Address these issues to ensure success of CBC
| September 8th 2021
The Competency-Based Curriculum (CBC) has been in the eye of the storm since its inception in 2019. Today, it is part of the national discourse.
In the last few days, this newspaper has highlighted some of the bottlenecks that stakeholders go through as they endeavour to make CBC successful.
Realistically, CBC is a noble concept that seemingly took off on a false note as some of the stakeholders have pointed out. The false start is attributed to the hurried manner in which the rollout was made, specifically before teachers could be adequately trained and teaching resources made readily available. Two years later, there are many who believe we are groping in the dark and are beginning to question the new curriculum's relevance. But that shouldn't be the case.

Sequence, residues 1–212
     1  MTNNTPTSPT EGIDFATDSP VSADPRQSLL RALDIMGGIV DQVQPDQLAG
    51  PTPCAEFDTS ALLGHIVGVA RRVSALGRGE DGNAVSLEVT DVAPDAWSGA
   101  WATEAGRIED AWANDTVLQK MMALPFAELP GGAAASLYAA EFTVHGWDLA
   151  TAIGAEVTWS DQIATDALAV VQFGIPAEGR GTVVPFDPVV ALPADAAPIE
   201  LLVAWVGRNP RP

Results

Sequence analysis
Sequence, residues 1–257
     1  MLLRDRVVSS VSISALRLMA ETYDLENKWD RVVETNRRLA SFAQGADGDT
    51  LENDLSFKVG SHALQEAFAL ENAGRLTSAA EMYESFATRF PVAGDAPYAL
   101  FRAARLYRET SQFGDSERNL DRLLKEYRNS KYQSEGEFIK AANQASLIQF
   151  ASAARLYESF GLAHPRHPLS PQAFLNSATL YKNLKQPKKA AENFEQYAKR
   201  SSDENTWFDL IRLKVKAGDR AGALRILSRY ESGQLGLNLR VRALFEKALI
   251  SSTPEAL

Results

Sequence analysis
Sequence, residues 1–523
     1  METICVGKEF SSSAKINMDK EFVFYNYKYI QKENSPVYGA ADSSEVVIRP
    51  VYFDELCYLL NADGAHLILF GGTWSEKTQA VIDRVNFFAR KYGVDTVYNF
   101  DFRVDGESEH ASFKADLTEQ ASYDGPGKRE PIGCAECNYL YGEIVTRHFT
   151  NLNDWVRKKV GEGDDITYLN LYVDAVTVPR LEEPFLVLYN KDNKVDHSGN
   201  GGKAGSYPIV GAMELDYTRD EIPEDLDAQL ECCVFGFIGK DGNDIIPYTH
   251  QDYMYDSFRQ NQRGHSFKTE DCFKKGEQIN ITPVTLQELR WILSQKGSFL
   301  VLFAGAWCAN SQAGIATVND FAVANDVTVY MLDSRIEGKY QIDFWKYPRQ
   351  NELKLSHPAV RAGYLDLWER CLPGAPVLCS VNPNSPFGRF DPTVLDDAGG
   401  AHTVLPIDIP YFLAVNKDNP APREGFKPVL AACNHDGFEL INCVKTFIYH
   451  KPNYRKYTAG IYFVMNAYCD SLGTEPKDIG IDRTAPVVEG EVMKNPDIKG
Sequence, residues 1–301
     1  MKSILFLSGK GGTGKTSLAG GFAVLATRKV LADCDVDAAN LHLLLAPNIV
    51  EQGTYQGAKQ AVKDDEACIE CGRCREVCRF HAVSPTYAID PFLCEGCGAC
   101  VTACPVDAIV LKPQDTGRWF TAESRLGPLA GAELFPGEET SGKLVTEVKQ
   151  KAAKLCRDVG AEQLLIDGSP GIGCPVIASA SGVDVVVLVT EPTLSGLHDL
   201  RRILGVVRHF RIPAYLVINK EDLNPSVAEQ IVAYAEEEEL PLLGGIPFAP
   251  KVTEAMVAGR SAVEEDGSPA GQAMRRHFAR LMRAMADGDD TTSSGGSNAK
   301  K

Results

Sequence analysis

Former Secretary-General of Kenya National Union of Teachers Wilson Sossion has consistently argued that there was no adequate consultation before the CBC rollout, and even after the rollout. Emerging public concerns and the seemingly haphazard manner in which teachers are implementing CBC appear to vindicate Mr Sossion’s contention.
The direct over-involvement of parents in CBC coupled with the overall cost of running the programme has raised public uproar. Some schools have been accused of going overboard, asking parents to buy expensive books and giving expensive assignments as an easy way out for the ill-equipped teachers. Curriculum developers urge teachers to get the correct interpretation of the concept and apply it. The disparity between rural and urban schools in the use of computers is an area of concern that should be addressed.
The unspoken fact in all the arguments and counter-arguments on CBC is that the concept is not bad. The grey areas and bone of contention revolve around lack of consultation, teacher training, teaching resources and expansion of infrastructure. These are issues that can be ironed out to the satisfaction of all.
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